I am guessing that adding the simple knot in the line to keep it from slipping through the hole in the PVC spreader
and act an anchor will not be an issue.
I'd probably choose a figure-of-8 knot rather than a simple overhand knot for that purpose to avoid
weakening the wire. Even better would be taking a turn of wire around the pipe so the stress on the
wire is spread out over a larger area, rather than putting all the pull on the knot.
But I'm always tying knots in my antenna wires: usually one at the feedpoint for strain relief (separate
from the electrical connection) and a loop of some sort where the support rope attaches. I use
stranded, insulated wire and treat it as rope in this regard.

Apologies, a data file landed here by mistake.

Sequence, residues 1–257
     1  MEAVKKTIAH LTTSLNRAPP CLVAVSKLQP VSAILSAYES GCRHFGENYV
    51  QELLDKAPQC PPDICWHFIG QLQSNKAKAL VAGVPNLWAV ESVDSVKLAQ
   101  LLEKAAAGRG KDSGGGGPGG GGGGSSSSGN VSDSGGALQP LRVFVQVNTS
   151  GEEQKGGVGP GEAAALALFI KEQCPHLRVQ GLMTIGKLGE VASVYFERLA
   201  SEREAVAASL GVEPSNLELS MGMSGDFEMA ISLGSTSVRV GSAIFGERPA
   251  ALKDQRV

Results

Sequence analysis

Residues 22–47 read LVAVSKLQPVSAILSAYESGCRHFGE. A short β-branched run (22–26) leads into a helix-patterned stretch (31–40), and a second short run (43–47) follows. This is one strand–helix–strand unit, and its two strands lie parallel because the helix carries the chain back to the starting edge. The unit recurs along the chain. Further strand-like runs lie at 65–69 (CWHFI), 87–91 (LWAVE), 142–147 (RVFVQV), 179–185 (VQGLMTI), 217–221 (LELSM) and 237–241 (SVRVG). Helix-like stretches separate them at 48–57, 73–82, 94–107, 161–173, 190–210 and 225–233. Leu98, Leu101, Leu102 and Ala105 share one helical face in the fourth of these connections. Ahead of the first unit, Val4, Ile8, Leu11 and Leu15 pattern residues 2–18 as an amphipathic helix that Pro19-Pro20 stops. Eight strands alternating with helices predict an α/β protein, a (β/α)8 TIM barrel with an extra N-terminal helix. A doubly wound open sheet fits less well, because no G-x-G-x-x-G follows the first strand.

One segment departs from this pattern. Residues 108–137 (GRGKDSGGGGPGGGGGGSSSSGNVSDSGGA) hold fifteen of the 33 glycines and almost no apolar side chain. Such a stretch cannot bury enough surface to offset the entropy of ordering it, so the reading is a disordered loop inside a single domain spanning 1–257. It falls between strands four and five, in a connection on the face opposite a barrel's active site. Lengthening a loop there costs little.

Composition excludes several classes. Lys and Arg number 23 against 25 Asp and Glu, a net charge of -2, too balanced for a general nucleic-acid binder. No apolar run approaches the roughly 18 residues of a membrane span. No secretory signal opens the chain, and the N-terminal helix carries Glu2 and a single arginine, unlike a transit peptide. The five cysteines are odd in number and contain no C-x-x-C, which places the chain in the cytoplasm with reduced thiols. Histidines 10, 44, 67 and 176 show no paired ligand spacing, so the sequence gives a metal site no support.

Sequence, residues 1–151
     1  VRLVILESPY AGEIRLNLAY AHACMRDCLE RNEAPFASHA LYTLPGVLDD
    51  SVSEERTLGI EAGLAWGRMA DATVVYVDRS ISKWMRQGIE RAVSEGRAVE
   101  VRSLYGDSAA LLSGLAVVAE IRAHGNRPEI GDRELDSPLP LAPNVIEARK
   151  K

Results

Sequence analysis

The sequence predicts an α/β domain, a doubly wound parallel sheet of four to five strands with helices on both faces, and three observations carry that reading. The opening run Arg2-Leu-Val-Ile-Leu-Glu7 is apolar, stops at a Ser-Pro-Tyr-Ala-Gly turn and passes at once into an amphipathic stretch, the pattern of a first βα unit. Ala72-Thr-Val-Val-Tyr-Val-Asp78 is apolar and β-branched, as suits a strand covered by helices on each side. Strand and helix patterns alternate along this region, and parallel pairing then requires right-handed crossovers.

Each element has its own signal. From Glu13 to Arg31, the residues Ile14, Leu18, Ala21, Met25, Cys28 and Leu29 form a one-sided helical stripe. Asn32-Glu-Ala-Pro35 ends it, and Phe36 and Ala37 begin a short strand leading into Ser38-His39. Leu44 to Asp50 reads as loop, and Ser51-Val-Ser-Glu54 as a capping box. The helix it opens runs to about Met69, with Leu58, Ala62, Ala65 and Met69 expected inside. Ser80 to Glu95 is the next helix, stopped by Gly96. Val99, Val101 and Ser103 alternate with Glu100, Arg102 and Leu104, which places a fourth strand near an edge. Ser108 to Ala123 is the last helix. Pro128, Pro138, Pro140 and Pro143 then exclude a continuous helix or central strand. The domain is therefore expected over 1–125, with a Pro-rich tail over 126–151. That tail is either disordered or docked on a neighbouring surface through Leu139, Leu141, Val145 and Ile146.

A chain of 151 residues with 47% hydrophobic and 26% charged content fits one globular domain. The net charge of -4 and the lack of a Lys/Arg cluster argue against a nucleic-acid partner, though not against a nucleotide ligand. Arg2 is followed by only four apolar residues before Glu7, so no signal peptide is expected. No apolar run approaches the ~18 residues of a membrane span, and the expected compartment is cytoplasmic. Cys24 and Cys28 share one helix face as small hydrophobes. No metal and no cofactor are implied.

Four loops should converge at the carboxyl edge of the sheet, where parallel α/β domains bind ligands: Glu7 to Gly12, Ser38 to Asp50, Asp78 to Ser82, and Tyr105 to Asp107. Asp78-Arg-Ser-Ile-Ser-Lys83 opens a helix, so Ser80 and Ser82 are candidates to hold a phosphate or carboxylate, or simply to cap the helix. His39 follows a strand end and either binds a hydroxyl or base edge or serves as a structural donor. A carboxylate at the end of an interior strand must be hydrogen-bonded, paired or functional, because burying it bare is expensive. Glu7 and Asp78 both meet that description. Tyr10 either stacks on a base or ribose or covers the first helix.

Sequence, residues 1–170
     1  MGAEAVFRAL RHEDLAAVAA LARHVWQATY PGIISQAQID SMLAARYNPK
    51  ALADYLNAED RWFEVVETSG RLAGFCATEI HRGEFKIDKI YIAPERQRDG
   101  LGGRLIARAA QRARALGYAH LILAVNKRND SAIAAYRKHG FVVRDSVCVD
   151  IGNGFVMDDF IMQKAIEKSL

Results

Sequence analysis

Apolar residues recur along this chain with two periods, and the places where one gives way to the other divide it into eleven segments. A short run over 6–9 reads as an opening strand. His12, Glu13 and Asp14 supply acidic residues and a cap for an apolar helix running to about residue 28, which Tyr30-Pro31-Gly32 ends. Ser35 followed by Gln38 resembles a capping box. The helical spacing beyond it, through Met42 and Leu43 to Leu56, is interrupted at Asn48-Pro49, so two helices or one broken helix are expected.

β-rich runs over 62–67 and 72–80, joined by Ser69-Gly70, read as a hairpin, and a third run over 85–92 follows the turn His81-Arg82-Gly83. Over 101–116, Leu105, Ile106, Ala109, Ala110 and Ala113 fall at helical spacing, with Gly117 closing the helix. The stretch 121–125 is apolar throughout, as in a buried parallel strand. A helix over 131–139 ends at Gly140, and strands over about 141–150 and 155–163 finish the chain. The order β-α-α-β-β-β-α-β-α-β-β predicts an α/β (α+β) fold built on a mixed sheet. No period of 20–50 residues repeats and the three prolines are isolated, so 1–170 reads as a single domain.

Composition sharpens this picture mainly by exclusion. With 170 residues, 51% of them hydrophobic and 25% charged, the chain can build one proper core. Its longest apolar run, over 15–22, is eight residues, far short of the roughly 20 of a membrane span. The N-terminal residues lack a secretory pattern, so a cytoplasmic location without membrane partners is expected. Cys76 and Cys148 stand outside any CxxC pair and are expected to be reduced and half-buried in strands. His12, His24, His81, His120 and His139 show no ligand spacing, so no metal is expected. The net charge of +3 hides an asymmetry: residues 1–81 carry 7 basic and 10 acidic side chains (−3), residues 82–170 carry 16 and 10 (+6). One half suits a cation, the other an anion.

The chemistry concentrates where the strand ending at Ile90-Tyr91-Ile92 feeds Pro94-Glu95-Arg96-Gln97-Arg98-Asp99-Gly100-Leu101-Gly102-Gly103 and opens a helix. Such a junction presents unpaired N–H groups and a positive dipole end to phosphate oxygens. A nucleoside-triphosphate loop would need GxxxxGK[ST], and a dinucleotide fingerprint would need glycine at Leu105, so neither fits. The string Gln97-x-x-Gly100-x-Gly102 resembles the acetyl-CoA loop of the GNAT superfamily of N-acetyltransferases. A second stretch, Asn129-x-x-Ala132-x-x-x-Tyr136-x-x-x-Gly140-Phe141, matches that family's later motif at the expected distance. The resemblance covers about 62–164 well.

Yes, the knots do affect the resonant frequency for a given length of wire - slightly. A loop knot will
often act like a shorted stub of wire, providing some inductance, but not enough to replace the same
amount of wire run straight. The effect depends on exactly where along the wire the knot is placed.
But generally the difference is smaller than the effects of height above ground, wire size, ground
conditions, coupling among the wires in a multi-band antenna, and other things that also affect the
resonant frequency in the real world, and the normal process of tuning a dipole will take them all into
account. (The traditional formulas, including those on the license exam, are just approximations, and
can't be expected to give exact results over the range of dipoles that hams might build.)